After Goldman Sachs Group (GS) reported last week that record iron-ore production and slower Chinese growth would knock prices down to $115 per ton by next year, and to as low as $80 per ton by 2015, iron-ore company Fortescue Metals Group Limited (FSUGY) today predicted that prices for the metal will stay in a range of $110 to $130 per ton for the near future.
Fortescue’s prediction, in terms of numbers, was more or less in line with Goldman’s forecast from the previous week, but the tone was qualitatively different. China is currently the world’s largest consumer of iron ore, and the Goldman report noted that stockpiles of the material would hit 82 million metric tons by next year. In recent years, the opposite has been the case, with supply lagging behind demand more often than not.
The iron-ore company, on the other hand, based its numbers on the fact that the metal had entered bull market territory last month, and while Chinese growth had slowed from 7.7 percent in the first quarter to 7.5 percent in the recently ended period, the rate would still be strong enough to keep prices relatively stable. Indeed, Fortescue said that it saw Chinese growth “strong and growing at that 7 to 8 percent for the foreseeable future.”
Goldman’s report did touch on a fact that did not figure in the day's news, namely regarding the record production of iron-ore that has been posted by the world’s largest miners, such as Rio Tinto (RIO) and BHP Billiton (BHP) . The latter in particular just posted its thirteenth consecutive record quarter of iron-ore output, while a number of other companies are producing the metal at higher rates than ever.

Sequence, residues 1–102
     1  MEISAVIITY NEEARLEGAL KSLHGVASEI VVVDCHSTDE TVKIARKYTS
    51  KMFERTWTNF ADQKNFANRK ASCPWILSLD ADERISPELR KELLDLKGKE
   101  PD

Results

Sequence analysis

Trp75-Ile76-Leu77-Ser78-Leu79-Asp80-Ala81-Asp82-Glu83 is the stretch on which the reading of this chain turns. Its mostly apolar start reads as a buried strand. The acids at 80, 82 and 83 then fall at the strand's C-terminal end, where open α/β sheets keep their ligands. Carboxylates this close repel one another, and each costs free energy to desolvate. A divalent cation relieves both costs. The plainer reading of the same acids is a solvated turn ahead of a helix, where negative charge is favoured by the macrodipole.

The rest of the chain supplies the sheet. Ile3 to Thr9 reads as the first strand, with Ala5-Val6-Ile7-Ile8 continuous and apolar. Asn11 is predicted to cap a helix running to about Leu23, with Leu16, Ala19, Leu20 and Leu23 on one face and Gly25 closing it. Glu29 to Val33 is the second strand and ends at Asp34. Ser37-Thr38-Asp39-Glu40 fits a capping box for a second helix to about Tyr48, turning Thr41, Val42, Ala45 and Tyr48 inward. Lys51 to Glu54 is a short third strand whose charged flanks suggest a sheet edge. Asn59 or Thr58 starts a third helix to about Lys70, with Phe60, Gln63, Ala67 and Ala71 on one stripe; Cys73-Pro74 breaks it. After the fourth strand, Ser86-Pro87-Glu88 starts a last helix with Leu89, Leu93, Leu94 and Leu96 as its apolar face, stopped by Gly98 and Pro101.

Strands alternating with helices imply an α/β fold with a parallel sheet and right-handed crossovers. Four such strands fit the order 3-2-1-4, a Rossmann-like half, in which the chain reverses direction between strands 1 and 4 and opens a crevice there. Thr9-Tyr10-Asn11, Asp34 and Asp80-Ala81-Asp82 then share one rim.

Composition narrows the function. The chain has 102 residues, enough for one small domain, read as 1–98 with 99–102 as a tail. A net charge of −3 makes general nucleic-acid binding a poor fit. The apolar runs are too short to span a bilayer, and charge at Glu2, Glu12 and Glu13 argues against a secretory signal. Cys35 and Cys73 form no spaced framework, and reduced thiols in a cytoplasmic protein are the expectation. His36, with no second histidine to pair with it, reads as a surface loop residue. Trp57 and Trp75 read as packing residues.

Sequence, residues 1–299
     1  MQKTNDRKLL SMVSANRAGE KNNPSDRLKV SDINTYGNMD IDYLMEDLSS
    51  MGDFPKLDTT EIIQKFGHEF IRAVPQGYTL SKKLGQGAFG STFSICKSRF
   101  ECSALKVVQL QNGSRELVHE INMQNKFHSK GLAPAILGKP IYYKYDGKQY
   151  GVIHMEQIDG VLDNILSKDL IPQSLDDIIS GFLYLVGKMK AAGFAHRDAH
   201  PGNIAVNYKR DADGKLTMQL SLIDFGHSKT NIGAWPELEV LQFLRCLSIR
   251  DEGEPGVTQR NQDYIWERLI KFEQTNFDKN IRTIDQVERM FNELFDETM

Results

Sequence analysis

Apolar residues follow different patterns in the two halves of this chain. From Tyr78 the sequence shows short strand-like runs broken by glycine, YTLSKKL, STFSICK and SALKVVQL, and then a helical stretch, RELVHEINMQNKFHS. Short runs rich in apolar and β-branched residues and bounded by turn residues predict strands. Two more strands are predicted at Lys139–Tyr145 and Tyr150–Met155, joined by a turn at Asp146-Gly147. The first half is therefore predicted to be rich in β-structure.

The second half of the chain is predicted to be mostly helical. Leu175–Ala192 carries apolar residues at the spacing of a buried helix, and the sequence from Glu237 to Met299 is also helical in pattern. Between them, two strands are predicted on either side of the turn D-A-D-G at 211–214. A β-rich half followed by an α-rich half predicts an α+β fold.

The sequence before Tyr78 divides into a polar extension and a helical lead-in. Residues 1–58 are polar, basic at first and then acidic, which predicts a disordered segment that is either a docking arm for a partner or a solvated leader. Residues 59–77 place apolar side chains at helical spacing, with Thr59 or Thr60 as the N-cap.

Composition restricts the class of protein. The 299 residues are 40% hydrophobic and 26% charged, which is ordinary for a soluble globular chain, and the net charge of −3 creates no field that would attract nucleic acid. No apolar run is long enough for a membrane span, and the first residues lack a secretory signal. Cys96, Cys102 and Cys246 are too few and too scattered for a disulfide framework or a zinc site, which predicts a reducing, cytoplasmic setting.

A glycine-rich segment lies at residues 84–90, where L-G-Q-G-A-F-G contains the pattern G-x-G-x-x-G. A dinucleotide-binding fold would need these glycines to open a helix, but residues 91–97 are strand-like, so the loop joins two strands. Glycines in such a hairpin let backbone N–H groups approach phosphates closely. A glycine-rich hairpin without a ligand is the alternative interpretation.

Since dropping to a 7-month low in the month of May, iron-ore has jumped 25 percent, to yesterday’s price of $137.80 per ton. The differing reports from Goldman and Fortescue are joined by a number of far more divergent predictions from Morgan Stanley (MS) and Deutsche Bank (DB) , who predict a much lower surplus (9 and 27 million tons respectively), and UBS (UBS) , who sees almost double the surplus that Goldman does, some 150 million tons.
Meanwhile, the World Steel Association predicts that Chinese steel consumption will grow 2.5 percent next year.